This marked the fifth year in a row that the Phillies have selected a high school player with their first pick.
"Watson could have gone in the first round and has high upside," Callis said. "Mitch Gueller had first-round interest too and he really rose up the draft charts at the end of the season."
Callis also said he was impressed with Alec Rash, a high school pitcher from Iowa whom the Phillies selected in the second round with the 95th overall pick.
Callis thinks a number of college players were interesting draft choices, including Purdue third baseman Cameron Perkins, a sixth-round pick and 218th overall selection, who batted .355 with nine home runs and 61 RBIs.
"He was taken in a good spot and was one of the better college hitters," Callis said.
Among the other choices he likes is 6-foot-3 University of Texas junior lefthander Hoby Milner, a seventh-round pick and 248th overall selection. His father, Brian, was a catcher who played in two major- league games with the Toronto Blue Jays in 1978.
"If he fills out he could be something," Callis said. "He has a really good curveball."
Among those to watch, Callis said, is 6-3 righthander Kevin Brady of Clemson, a 10th-round pick and 338th overall selection.
"Kevin Brady was a guy who had some health issues, but he touches 95 and shows good secondary pitches," said Callis, who also provided analysis for MLB's draft coverage.
Overall, he likes what the Phillies did.
"They went for high-ceiling guys early, and with the new draft system you have to take high-school guys early," Callis said, referring to new penalties this year for teams paying over MLB's assigned bonus pool. "They got some good college picks."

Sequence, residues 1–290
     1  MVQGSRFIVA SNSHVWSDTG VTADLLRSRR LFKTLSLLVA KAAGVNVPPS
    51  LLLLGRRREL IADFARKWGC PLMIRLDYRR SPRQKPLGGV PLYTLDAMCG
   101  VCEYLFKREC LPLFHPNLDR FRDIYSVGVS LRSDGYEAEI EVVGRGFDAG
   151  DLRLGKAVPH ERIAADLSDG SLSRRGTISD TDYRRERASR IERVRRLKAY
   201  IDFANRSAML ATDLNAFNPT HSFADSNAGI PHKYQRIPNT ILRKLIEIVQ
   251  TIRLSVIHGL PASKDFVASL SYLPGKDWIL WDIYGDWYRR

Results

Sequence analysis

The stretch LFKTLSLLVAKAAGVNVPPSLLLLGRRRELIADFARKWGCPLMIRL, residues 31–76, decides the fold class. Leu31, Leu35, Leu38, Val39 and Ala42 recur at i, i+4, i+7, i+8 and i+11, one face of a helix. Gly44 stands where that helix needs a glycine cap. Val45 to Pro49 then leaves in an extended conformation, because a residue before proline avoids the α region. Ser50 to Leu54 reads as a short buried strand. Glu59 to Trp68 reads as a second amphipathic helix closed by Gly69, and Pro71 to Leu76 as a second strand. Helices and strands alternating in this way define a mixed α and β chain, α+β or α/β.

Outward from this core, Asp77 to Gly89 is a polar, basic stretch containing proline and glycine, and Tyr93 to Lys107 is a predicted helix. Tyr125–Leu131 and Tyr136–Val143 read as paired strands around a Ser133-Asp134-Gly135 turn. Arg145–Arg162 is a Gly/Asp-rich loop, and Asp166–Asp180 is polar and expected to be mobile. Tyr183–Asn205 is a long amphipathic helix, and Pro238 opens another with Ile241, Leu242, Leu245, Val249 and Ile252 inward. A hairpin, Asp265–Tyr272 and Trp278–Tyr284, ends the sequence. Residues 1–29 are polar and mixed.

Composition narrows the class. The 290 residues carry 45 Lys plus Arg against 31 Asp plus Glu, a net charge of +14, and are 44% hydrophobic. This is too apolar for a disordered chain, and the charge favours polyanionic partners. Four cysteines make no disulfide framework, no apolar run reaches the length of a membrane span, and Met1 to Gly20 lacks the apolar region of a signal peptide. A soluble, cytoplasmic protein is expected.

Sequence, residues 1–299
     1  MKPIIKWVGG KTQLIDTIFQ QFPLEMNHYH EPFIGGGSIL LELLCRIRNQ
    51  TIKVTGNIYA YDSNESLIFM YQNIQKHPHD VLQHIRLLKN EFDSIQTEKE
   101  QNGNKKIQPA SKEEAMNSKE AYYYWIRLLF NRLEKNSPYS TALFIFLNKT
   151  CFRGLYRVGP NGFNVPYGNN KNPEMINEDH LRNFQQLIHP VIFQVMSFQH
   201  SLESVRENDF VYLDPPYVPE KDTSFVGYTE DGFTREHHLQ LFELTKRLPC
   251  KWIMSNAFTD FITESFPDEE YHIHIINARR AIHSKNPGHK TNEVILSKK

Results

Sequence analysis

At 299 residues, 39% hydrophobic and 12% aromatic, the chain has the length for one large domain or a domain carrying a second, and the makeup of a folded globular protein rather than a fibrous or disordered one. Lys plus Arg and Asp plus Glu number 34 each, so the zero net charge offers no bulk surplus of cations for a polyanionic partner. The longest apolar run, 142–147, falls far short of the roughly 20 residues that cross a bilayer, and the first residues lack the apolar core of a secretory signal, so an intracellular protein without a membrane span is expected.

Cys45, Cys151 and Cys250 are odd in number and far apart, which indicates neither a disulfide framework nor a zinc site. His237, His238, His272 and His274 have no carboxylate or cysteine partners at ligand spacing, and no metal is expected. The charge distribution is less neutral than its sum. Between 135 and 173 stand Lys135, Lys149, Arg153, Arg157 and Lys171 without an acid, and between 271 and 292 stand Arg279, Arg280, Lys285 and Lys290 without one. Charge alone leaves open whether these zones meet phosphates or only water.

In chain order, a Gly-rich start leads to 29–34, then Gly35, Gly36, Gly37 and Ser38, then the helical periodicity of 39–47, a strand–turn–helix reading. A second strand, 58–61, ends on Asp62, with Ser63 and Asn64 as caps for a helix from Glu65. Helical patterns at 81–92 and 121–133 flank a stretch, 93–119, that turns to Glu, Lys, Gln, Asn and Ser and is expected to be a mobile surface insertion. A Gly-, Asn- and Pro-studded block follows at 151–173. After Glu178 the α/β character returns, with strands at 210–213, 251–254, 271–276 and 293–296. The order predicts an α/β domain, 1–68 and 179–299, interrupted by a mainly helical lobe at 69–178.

Another significant new draft rule is that players must sign by the July 13 deadline. In previous years the date was in the middle of August.
In the past, many of the top prospects wouldn't sign until the deadline and thus not get a chance to compete in that current minor-league season. Now players, even those who sign at the deadline, will have time to play in the minors.
"I think it's huge and it works for everybody," said Phillies assistant general manager Marti Wolever. "It works for us, for them, for the college coaches who lose players to the draft, giving them a chance to sign players to make up for the ones they lost in the draft."
What Wolever likes most is that it simply speeds up a process that he felt had become too slow.
"It forces you to make a decision and not drag it out, and I am all in favor of it," he said "In fact, if they wanted to move it up more, I'd be in favor of that."
Lefthander Austin Wright, an eighth-round selection in the 2011 draft out of Mississippi, entered the weekend 6-0 with a 3.34 ERA for Clearwater after spending last year at Williamsport and Lakewood. He turns 23 in September.
"Coming into spring training we were thinking Lakewood, but felt what we saw in the spring, he was ready for the challenge," said Joe Jordan, the Phillies' director of player development. "He's a big, strong lefthander with an above-average arm and a plus breaking ball, and he has really done well."
Righthander Colin Kleven was the only Lakewood player named to the South Atlantic League all-star team. The all-star game will be June 19 in Charleston, S.C.
Kleven is 3-5 with a 3.90 ERA in 11 starts. The 6-6 Kleven was a 33d-round draft choice of the Phillies in 2009 out of R.E. Mountain High School in British Columbia.
Phillies top catching prospect Sebastian Valle has been in a good groove of late.
In his last 11 appearances entering the weekend, Valle was 14 for 43 (.325) with four home runs and 12 RBIs, improving his batting average to .253.
Contact Marc Narducci at 856-779-3225, firstname.lastname@example.org or on Twitter @sjnard.